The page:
Data management and sharing. SAGE acknowledges the importance of research data availability as an integral part of the research and verification process for academic journal articles. Palliative Medicine requests all authors to provide detailed information in their articles on how the data can be obtained. This information should include links to third-party data repositories or detailed contact information for third-party data sources. Data available only on an author-maintained website will need to be loaded onto either the journal’s platform or a third-party platform to ensure continuing accessibility. Examples of data types include, but are not limited to, statistical data files, replication code, text files, audio files, images, videos, appendices, and additional charts and graphs necessary to understand the original research. The editor may consider limited embargoes on proprietary data. The editor can also grant exceptions for data that cannot legally or ethically be released. All data submitted should comply with Institutional or Ethical Review Board requirements and applicable government regulations. For further information, please contact Debbie Ashby [Debbie.Ashby@bristol.ac.uk].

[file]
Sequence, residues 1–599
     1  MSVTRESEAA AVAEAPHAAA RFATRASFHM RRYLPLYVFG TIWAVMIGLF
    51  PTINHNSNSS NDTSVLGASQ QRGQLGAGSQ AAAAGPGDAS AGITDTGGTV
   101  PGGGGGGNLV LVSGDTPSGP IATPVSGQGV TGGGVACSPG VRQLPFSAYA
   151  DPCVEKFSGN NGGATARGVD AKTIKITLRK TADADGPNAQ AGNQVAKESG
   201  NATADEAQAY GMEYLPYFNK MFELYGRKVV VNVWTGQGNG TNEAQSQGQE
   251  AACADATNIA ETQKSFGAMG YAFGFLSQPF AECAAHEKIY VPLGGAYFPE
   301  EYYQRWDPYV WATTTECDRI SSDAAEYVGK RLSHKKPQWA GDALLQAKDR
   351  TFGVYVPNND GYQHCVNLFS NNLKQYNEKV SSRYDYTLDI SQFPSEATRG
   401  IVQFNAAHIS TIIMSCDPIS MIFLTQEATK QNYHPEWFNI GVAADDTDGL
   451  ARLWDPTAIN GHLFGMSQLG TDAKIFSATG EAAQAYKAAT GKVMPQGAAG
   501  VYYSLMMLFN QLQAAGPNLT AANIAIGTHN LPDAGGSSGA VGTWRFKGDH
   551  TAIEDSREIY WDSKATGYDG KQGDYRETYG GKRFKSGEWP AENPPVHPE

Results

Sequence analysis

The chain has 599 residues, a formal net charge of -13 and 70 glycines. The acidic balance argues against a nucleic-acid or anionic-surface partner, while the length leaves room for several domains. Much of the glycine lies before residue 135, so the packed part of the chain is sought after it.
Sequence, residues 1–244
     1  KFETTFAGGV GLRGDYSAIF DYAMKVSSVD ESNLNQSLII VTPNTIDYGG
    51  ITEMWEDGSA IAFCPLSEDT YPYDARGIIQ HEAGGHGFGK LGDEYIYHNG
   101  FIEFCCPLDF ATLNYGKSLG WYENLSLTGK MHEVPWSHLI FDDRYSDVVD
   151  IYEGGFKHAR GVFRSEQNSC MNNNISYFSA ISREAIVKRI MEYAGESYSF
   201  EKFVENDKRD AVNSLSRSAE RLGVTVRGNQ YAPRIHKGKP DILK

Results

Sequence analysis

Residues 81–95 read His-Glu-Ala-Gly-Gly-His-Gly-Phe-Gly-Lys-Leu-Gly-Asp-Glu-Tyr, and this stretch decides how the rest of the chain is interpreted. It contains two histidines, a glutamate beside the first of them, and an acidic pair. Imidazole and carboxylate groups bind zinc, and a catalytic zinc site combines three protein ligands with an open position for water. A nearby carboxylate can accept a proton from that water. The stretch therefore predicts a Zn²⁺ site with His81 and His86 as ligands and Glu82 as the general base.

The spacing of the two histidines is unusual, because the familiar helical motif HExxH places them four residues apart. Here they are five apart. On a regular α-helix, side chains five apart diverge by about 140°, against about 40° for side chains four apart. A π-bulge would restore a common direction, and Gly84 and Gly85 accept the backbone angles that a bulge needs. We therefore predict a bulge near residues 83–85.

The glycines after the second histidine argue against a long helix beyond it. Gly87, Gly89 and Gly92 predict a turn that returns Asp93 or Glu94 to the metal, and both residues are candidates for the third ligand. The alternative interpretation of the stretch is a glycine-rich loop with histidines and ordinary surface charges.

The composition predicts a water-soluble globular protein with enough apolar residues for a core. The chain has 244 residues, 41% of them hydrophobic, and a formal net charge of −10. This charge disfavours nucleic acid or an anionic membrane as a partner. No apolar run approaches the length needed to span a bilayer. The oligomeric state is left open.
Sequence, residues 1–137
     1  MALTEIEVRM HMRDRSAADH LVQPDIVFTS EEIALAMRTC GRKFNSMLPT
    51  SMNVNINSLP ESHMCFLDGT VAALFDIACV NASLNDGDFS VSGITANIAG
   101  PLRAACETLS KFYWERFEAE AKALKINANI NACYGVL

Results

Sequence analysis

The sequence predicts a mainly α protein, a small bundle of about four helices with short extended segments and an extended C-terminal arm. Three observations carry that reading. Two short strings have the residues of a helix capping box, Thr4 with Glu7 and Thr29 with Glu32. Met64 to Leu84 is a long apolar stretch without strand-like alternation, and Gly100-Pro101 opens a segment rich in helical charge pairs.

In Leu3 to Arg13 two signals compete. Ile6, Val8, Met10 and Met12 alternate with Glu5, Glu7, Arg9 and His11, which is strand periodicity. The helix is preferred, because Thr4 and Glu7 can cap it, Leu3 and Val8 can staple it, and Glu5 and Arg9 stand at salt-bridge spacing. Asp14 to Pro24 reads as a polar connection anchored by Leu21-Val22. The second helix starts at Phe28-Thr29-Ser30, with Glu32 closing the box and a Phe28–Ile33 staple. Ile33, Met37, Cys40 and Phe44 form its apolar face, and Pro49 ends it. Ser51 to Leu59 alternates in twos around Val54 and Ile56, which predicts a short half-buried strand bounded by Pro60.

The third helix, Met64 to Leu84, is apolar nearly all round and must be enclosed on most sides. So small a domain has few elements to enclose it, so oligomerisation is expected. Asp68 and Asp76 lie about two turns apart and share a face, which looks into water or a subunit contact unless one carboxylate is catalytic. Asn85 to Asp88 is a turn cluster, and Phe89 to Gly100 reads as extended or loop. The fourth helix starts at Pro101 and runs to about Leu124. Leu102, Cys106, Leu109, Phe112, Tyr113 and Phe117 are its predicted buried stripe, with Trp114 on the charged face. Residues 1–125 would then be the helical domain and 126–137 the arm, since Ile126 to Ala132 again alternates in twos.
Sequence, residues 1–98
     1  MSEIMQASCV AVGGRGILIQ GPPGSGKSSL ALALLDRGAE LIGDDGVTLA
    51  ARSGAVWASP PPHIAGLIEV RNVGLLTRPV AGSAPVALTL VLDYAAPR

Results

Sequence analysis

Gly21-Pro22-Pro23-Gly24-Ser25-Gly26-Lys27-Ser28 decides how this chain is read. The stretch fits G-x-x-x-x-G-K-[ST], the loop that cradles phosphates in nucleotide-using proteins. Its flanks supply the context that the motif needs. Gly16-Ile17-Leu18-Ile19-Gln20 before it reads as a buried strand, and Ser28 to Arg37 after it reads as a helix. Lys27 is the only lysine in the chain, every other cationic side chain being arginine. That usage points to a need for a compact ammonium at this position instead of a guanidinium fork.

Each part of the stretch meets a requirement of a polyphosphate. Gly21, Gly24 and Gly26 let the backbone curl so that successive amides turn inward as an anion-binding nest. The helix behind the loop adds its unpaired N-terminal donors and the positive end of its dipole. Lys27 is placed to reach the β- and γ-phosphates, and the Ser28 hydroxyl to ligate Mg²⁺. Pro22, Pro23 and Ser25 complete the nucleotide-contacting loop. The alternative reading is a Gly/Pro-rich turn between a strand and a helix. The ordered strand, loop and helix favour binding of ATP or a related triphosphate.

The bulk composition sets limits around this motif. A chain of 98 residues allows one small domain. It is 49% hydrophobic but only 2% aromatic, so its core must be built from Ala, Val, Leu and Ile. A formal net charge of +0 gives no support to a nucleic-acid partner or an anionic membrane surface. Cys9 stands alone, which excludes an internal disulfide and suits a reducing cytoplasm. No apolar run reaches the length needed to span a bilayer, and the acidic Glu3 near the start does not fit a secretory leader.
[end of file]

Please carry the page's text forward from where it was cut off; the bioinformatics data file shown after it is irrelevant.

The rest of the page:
Acknowledgements. All contributors who do not meet the criteria for authorship should be listed in an acknowledgements section as described above. Examples of those who might be acknowledged include a person who provided purely technical help, or a department chair who provided only general support.
a) Multiple publications, copyright and plagiarism. We want our readers to be aware of other published or in-press accounts of any studies published in Palliative Medicine. For this reason we ask that all published and in-press accounts of the study from which data in your paper are taken must be referred to explicitly in your paper. Please make it clear in your manuscript that you are referring to data/publications from the same study. If you have other publications from the same study in preparation or under review please refer to this in your letter to the editor. If you are successful in your submission to Palliative Medicine we ask that where possible this publication should be referred to in other manuscripts using data from the same study.
If material has been published previously it is not generally acceptable for publication in a SAGE journal. However, there are certain circumstances where material published previously can be considered for publication. Please refer to the guidance on the SAGE Author Gateway or if in doubt, contact the Editor at the address given below.
SAGE is committed to upholding the integrity of the academic record. We encourage authors to refer to the Committee on Publication Ethics’ International Standards for Authors and view the Publication Ethics page on the SAGE Author Gateway.